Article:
a Department of Industrial Engineering , University of Perugia , Perugia , Italy.
Objective: To set up a prescreening tool for vehicle front-end design, allowing numerically forecasting of the results of EC directive tests, with reference to pedestrian lower leg impact.
Methods: A numerical legform model has been developed and certified according to EC directive. The frontal end of the vehicle has been simulated through a lumped-parameters model, having considered the predesign stage when the target overall behavior is being established. The stiffness behaviors of the bumper and of the spoiler have been estimated by means of more detailed numerical models. A parametric analysis has been performed to outline the effects of bumper and spoiler stiffness, bumper vertical height, and the longitudinal distance between the spoiler and the bumper. An analytical model has been introduced to predict tibial acceleration, knee shear displacement, and knee lateral bending, given the bumper and spoiler characteristics as input.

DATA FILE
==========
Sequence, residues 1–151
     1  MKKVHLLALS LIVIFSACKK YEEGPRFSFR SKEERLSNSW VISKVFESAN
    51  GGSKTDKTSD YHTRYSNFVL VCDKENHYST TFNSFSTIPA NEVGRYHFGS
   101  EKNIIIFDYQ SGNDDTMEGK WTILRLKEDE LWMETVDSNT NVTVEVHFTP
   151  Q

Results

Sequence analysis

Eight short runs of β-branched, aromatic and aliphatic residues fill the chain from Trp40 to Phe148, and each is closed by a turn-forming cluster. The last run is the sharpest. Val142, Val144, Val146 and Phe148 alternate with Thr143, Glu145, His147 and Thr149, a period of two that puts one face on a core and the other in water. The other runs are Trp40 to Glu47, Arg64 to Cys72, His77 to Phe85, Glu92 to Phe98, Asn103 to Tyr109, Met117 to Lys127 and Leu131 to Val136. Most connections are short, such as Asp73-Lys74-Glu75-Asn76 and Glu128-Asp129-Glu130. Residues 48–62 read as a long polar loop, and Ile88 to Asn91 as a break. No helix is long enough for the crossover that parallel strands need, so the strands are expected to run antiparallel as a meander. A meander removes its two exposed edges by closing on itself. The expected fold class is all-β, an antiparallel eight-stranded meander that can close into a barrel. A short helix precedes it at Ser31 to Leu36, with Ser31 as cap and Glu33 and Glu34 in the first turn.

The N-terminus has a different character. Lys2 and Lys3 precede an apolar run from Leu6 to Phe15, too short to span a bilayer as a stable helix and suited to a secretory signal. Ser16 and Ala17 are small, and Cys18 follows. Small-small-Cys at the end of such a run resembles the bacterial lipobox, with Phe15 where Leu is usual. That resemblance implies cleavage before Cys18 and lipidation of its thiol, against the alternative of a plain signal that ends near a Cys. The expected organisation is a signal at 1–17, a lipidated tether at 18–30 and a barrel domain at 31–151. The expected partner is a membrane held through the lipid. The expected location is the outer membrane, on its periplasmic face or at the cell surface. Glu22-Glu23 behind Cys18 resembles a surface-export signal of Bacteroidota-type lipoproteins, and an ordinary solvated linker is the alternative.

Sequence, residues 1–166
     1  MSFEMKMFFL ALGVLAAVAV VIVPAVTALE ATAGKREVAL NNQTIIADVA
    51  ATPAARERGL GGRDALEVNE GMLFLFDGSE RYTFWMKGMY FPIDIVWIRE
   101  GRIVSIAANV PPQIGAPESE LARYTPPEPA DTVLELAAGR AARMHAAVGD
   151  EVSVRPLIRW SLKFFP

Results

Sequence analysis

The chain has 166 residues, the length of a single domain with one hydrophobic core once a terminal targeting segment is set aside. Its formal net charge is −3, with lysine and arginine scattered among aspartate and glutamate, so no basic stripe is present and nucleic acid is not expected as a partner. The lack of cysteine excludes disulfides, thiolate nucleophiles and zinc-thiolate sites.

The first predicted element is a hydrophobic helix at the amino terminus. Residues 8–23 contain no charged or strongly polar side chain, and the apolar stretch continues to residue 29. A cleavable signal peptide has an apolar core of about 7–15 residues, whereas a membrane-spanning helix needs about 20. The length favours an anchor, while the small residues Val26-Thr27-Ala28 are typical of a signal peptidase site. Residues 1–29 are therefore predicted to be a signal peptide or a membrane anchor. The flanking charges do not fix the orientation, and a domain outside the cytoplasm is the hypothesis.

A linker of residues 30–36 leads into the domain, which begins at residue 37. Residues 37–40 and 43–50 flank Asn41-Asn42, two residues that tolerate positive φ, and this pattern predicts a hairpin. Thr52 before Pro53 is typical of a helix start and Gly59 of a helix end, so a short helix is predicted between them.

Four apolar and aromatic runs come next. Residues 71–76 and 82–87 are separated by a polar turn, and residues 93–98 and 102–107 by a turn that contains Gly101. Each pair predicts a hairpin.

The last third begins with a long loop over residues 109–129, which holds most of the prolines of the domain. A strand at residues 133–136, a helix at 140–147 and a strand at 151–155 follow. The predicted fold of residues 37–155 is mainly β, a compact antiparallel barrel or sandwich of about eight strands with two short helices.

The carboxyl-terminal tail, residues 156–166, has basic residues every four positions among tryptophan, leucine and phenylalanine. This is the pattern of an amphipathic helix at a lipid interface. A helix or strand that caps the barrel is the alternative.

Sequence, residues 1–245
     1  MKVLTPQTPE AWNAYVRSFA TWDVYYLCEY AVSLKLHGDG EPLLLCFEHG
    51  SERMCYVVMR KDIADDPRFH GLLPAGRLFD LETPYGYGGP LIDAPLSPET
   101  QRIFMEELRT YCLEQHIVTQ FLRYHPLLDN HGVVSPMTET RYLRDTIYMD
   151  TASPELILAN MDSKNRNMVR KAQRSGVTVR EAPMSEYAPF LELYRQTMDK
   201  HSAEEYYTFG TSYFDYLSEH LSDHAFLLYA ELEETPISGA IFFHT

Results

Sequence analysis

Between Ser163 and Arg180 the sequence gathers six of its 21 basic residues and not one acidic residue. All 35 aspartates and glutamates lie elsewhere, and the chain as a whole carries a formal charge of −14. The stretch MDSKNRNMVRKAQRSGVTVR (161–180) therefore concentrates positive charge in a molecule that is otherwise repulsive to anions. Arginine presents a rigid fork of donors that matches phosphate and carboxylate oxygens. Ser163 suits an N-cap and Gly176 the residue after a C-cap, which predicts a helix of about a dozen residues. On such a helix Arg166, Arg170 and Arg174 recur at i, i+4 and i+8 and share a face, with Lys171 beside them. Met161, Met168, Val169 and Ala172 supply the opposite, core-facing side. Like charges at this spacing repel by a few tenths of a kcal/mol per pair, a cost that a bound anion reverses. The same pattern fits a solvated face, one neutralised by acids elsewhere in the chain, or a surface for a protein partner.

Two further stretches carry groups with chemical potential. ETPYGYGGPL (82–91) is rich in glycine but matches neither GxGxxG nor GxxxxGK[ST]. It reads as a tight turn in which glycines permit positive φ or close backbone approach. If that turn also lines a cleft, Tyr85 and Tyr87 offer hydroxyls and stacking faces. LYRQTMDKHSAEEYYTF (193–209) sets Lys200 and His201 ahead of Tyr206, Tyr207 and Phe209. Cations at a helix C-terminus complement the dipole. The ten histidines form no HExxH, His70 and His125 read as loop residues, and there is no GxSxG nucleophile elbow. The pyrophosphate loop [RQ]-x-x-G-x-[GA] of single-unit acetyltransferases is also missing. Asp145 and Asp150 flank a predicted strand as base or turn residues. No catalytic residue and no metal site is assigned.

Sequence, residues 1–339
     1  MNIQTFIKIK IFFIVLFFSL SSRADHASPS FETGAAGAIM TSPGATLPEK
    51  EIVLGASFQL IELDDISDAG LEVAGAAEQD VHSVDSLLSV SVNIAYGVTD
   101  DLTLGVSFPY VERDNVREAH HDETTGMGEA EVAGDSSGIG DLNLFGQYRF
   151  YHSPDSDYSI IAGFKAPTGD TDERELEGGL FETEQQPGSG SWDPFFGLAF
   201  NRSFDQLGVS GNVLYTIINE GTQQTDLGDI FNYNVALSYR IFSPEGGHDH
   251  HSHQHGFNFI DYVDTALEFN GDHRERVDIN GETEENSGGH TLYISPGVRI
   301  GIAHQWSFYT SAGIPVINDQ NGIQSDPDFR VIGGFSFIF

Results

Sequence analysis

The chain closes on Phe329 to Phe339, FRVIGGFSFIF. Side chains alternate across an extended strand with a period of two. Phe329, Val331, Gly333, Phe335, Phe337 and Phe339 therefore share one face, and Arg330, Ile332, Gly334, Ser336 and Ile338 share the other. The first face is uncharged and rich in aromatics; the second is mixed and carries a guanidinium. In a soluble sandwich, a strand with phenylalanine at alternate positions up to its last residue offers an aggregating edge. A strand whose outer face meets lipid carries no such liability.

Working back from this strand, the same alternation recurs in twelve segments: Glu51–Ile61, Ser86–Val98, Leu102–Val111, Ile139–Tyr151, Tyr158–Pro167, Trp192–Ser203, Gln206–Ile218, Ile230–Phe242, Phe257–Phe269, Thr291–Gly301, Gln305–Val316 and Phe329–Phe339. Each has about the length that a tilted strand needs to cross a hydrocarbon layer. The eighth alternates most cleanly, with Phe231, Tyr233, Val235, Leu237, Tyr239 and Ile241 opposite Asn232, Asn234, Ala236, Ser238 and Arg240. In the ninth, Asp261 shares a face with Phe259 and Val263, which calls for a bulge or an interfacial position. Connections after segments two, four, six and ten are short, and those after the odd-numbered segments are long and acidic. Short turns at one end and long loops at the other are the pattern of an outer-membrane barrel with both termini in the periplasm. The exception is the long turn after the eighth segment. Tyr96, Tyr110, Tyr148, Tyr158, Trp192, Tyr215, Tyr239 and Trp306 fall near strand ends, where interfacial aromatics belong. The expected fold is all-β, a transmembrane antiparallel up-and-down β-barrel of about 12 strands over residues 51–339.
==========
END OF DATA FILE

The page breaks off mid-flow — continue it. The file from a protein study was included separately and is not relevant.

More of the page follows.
Results: The parametric analysis has demonstrated that bumper stiffness, bumper profile height, and spoiler stiffness do have an impact on knee lateral bending, knee shear displacement, and peak tibial acceleration. Increasing bumper stiffness can result in higher knee bending, knee shear displacement, and peak tibial acceleration. Increasing bumper profile height produces lower knee bending and shear displacement. Increasing spoiler stiffness can determine higher knee shear displacement and peak tibial acceleration but lower knee bending. Spoiler stiffness and position have a strong correlation: higher bumper stiffness needs to be coupled to a moved forward spoiler position. The mechanical responses of the spoiler and of the bumper can be assumed to be linear: the softening behavior of the expanded polypropylene foam balances the hardening behavior of the fascia (due to contact area increase). The predictive model is well correlated to experimental findings (R (2) > 0.74).
Conclusions: This simplified computer model can be used as a prescreening design tool to demonstrate general vehicle front-end design trade-offs and provide approximate results without physical testing.
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